In a state already reeling from COVID in all its forms and, lately, monkeypox, an unwelcome old-school illness made an appearance in Napa County, where Legionnaires’ Disease sickened 12 people yesterday, one of them fatally.
As ABC News reports, the 11 surviving patients, three of whom remain hospitalized, were stricken in July, and may have contracted the water-born illness from a cooling tower at the hotel Embassy Suites Napa Valley, where “high levels” of Legionella bacteria were found in a recent sample. While the cooling tower has been suspended, officials from Napa County’s Department of Public Health say they are still searching for other possible sources of contamination.
“Our joint investigation team continues to work with Embassy Suites staff to remediate the source of exposure,” Napa County health officer Dr. Karen Relucio said in a statement. “Finding Legionella in one water sample is an important piece of the puzzle, but we must continue to investigate other cooling towers and water sources in the outbreak area, as it is common to find more than one source.”
None of the patients are known to have been guests at Embassy Suites.
The Legionella bacteria thrives in warm water and becomes a threat if it spreads to man-made water systems like cooling towers, hot tubs, and plumbing systems. It can be transmitted to humans who breathe in tiny bacteria-carrying water droplets, but it’s not passed between people.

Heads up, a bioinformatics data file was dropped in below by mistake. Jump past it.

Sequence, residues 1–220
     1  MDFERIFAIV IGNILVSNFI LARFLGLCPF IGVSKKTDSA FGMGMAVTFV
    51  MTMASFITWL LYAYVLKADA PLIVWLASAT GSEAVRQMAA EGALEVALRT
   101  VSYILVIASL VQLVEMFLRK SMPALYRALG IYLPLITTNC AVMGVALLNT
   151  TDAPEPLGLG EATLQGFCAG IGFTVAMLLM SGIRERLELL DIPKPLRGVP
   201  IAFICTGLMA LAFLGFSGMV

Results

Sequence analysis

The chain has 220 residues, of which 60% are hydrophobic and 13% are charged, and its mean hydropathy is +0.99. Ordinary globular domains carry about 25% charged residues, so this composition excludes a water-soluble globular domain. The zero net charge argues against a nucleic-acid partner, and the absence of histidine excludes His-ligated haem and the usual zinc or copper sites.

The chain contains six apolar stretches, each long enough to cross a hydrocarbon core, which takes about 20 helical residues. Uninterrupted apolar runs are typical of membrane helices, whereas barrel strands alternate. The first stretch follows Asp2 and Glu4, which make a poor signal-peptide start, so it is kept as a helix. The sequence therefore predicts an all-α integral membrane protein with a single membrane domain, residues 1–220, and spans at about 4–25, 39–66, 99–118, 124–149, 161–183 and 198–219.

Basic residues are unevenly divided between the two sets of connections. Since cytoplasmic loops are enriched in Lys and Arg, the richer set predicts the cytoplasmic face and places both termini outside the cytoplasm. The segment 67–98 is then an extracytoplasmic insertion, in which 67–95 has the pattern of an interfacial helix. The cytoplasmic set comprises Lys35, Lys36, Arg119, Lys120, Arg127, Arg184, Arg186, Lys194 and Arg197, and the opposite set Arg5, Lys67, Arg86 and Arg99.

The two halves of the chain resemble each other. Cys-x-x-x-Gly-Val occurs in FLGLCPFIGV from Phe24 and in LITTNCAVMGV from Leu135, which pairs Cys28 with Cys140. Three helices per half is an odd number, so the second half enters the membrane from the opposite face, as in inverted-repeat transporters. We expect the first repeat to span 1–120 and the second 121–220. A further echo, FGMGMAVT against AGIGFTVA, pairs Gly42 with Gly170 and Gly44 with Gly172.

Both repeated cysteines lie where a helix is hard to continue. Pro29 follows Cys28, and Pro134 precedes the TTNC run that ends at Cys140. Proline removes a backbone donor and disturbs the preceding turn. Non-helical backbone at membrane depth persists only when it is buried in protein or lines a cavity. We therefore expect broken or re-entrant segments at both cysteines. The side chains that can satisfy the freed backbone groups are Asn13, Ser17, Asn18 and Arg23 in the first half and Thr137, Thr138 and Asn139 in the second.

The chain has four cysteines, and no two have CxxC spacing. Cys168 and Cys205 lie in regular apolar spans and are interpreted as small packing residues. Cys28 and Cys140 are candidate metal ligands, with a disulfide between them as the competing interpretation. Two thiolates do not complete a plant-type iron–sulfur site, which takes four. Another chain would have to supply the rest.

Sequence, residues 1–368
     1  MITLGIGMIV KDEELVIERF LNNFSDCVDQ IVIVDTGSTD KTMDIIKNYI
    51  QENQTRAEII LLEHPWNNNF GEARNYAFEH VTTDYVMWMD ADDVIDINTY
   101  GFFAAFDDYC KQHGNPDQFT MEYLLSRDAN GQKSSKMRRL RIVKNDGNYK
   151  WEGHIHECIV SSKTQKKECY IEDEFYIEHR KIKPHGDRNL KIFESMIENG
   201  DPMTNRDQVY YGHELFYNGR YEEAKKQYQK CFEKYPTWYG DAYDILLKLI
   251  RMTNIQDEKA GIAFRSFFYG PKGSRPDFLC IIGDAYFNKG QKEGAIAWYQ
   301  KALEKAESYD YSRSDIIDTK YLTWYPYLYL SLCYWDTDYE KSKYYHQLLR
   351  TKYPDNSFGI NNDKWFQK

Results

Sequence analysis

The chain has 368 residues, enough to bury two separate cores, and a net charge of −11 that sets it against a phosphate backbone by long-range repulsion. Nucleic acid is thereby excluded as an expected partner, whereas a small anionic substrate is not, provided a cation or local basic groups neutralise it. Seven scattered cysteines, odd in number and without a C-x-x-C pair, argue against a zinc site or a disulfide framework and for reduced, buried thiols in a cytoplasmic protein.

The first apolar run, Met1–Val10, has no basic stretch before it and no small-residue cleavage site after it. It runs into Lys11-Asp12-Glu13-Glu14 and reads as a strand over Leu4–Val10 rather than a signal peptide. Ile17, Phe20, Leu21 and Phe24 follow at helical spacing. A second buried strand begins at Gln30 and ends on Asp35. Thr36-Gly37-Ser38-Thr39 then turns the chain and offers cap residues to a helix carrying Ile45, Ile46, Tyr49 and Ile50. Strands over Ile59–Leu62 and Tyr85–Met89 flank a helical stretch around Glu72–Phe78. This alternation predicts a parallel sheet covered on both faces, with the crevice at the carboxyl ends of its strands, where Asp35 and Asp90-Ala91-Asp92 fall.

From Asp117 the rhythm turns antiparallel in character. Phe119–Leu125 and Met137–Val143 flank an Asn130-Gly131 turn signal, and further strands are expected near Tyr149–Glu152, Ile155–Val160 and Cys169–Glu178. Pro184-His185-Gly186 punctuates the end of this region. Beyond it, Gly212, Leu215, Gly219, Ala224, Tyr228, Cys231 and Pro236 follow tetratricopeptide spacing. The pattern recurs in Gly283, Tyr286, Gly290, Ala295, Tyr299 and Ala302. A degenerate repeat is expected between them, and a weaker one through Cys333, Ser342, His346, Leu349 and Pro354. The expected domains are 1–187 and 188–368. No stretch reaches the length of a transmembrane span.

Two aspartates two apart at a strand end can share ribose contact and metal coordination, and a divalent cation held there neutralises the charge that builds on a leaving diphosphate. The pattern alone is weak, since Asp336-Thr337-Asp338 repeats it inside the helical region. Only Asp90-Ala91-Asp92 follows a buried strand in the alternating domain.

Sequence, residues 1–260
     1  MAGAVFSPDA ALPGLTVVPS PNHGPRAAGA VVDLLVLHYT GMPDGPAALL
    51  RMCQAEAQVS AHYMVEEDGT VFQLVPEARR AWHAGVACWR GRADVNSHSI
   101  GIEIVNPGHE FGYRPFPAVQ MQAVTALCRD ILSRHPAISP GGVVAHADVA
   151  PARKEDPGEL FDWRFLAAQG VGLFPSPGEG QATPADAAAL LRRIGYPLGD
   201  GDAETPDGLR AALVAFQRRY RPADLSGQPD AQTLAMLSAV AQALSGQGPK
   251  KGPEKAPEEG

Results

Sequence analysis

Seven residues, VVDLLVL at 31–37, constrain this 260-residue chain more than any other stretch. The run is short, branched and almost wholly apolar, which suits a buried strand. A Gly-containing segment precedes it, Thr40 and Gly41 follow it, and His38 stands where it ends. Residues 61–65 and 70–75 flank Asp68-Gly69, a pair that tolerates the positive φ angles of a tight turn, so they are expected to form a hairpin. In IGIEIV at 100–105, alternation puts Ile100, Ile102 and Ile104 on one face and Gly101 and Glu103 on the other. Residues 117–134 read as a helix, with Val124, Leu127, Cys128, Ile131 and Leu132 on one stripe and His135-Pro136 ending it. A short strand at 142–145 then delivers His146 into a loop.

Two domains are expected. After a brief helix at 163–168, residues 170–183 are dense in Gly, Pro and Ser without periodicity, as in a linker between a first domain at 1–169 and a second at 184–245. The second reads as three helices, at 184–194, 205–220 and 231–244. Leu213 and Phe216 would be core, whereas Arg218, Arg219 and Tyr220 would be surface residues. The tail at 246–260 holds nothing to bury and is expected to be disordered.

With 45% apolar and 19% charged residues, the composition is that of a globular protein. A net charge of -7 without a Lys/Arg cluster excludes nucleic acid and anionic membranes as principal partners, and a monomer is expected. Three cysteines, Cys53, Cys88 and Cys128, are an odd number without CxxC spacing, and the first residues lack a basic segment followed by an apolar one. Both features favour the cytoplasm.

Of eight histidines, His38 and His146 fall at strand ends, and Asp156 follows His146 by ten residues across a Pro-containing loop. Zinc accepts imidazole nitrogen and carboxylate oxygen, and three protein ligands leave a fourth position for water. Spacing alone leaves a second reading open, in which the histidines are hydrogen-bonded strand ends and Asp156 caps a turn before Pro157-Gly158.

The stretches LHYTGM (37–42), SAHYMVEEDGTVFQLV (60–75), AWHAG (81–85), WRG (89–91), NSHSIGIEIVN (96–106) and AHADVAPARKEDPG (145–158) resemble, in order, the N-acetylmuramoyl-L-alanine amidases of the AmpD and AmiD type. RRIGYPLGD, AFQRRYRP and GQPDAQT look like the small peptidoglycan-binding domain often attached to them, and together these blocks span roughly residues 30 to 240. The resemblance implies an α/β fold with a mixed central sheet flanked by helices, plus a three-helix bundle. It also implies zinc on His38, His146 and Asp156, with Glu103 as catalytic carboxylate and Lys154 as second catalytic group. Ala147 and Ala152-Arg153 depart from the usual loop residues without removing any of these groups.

The respiratory infection causes severe pneumonia and often begins with flu-like symptoms (aches, headache, fatigue, cough) that progress to high fever, chills, gastric distress, and, sometimes, death. It’s especially dangerous to older people and the immunocompromised.
Health officials have stated that the person who died in Napa’s outbreak was over 50 and had risk factors for “severe disease”—but this distinction is unlikely to reassure Californians wary after two years of COVID.
“Although Legionnaires’ disease is a rare infection, this is a reminder that the bacteria that cause it are common in nature and can be found in man-made water systems,” Relucio said. “This means it’s very important for owners and managers of water systems that can create aerosols to take steps to prevent Legionella from growing and spreading in water systems.”
The disease takes its name from the site of its first reported outbreak, in 1976, when a Legionnaire Convention in Philadelphia saw 221 people sickened, 34 of whom died. A contaminated hotel air-conditioning system was implicated in that case. The U.S. Centers for Disease Control and Prevention reports that Legionnaires’ Disease typically kills one out of ten people it infects.
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